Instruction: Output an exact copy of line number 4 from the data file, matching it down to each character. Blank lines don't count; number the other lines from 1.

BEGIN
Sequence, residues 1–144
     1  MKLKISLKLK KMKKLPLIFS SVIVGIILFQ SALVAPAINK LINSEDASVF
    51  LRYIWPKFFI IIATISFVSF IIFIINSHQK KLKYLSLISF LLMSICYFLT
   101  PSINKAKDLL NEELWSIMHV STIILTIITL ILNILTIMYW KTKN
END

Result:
   101  PSINKAKDLL NEELWSIMHV STIILTIITL ILNILTIMYW KTKN